A couple years ago, the shitteyyy “Blurred Lines” was the song of the summer. Most didn’t care that the beat was derivative of Marvin Gaye’s “Got to Give It Up” (the beat was purposely imitated). But they got sued by Gaye’s estate anyway, even though it technically wasn’t a copyright violation.

If I were to write a new song and simply lift a catchy, iconic riff from another song without giving credit and paying to use it, I would catch both legal and critical hell for that. So we, as a species or culture or both, care about originality and IP in this way. Though yes, the vulgar masses typically don’t care or notice.

No doubt, and I even said that it could be good art even if it did.

Yeah, I also thought of Silent Running (which was said to perhaps influence the cute droids in Star Wars), but there weren’t a lot.

The point I was making wasn’t about originality–we all know that George derived Star Wars to a great extent from the cheesy serials of his youth. The point was that there was a huge unmet demand in 1977 for this type of film.

I don’t disagree with you, but I also don’t think your point counts against my argument. Rock ‘n’ roll was a remix of R&B, country, and other genres, but it sounded so fresh in the mid-50s when it appeared in large part because of where it appeared on the timeline of recorded music. I.e., the dawn of recorded music in the grand scheme of things. Less than a decade earlier, people had been listening to 78 rpm records on highly primitive sound systems. The remixing that then took place with rock as a base was thrilling in its own right: punk, New Wave, hip-hop. Then reactions against the reactions, like grunge, etc.

I infer you are taking the optimistic stance that we will go on remixing forever, and it will be great! I’m saying, nope. Everyone alive has lived through an anomalous period, the dawn of modern pop-culture, in which a lot of stuff is truly new. And in which a lot of the potential remixing has been front-loaded.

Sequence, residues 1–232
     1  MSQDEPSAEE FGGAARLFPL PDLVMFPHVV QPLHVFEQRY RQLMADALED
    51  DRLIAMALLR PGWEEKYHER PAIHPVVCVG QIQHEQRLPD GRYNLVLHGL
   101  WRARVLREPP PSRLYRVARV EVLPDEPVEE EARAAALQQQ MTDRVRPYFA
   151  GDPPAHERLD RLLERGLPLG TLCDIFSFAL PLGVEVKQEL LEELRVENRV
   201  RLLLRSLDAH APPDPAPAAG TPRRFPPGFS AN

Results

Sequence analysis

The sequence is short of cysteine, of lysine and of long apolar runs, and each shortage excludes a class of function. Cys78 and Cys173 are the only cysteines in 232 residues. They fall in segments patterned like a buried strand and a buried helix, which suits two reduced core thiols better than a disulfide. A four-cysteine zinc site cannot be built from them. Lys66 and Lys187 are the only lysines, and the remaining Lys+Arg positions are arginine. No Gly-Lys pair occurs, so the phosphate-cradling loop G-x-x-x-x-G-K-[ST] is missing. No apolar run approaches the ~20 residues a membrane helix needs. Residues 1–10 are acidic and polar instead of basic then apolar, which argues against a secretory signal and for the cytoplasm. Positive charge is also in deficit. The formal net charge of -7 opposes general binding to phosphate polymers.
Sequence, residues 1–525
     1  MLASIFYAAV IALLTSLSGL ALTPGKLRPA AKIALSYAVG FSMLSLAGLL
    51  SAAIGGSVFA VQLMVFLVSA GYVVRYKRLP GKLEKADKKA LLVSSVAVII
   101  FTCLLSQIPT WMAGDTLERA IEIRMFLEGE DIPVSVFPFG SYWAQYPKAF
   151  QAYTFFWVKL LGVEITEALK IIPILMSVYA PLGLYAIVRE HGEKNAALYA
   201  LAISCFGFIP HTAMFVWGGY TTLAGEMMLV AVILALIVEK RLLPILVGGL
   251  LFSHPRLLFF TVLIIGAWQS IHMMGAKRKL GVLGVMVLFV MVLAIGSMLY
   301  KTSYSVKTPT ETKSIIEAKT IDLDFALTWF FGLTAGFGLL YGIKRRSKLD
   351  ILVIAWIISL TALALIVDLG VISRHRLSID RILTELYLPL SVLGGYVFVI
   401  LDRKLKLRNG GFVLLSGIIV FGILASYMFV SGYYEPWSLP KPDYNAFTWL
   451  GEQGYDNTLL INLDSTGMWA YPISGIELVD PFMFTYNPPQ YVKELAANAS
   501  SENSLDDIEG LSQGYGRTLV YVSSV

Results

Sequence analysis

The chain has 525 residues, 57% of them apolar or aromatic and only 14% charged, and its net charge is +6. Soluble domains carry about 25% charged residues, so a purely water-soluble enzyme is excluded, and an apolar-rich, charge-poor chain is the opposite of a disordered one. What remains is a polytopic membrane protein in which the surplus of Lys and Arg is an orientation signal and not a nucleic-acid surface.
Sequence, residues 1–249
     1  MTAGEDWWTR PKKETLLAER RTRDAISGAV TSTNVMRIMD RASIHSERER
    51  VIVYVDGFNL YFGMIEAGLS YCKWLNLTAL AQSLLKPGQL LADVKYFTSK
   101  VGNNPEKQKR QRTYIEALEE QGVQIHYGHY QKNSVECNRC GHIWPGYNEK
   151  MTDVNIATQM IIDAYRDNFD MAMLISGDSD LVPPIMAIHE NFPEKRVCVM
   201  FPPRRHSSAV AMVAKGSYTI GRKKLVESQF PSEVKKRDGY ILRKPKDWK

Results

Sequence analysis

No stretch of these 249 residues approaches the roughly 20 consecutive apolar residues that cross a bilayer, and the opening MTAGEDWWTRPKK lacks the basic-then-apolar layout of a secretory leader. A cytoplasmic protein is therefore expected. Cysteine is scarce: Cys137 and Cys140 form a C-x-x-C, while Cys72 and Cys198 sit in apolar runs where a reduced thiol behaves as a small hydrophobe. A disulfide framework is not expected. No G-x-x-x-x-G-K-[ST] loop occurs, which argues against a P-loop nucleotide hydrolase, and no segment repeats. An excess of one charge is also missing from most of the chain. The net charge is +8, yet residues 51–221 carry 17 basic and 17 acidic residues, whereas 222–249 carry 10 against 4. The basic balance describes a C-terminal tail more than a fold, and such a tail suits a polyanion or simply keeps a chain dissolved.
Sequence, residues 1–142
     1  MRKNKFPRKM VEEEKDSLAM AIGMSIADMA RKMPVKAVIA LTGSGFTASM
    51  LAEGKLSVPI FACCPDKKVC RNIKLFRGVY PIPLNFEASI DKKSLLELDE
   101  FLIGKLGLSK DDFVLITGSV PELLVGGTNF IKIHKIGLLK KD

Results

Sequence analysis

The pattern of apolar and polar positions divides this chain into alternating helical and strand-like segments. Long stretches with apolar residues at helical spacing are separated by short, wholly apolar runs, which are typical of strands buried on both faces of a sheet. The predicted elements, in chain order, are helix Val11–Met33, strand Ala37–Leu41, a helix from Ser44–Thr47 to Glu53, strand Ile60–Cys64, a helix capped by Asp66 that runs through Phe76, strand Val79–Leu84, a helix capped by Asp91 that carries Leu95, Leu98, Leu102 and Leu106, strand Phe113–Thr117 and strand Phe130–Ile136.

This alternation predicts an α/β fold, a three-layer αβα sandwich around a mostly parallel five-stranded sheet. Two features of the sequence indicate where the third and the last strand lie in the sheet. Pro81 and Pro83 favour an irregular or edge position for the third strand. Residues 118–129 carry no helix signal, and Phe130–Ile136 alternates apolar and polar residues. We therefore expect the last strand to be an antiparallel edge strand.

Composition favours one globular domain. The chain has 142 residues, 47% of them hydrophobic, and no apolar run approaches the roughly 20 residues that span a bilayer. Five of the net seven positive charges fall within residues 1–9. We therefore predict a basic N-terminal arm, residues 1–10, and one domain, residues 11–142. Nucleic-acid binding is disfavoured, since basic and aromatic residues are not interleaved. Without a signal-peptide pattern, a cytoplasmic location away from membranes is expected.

But lest my argument be misunderstood, I think what’s been taken is a lot of low-hanging fruit. There is always room for subtlety. The trouble is that the vulgar masses want the broad strokes, the big boom! And I am using “vulgar masses” ironically here: this mode of being is part of all of us to a greater or lesser degree. People have had such a hunger for the new Star Wars movie because they either remember when such a space adventure was new(ish) and mind-blowing, or they have experienced that thrill vicariously through their parents or the pop culture collective. I remember that too and would love to go back. The filmmakers took the cheap path of simply rehashing the broad strokes, and this is just 38 years onward from the original.

Time lies infinitely ahead of us. Are we just going to reboot Star Wars every 40 years for the next couple hundred years?

Apropos of this thread, I think, is this manifesto by Edward Meadham of Meadham Kirchhoff (whom I just learned about–I won’t pretend to know fashion well):

a manifesto for a modern fashion industry

Anyhow, apparently these guys are big. So for their collection in 2014, they enjoined us to “Reject everything!” So I bet this is going to be really new and original stuff, right? Really crayzee, right? See for yourself:

Annnnd… I think they totally failed. It looks like a 1980s parody of “modern fashion.” Or you could have worn anything in here to a New Wave/punk scene in the 80s (you know how in movies they would show those crazy clubs!!!), and people would probably nod admiringly or not really notice. But no one would be shocked.

It’s not original. It may reject everything, but it doesn’t reject the longstanding rejection of everything.

And thus we return to the issue of redundancy. We’ve had pretty much the same fashions with minor variations and several reduxes since the 1980s. Some parts and pieces, such as men’s suits and various women’s dresses could be worn nearly a 100 years ago, and vice versa. But clothing is a basic need, and we’ve settled upon some styles that “work.” I doubt things are really going to change very much over the next 50 years.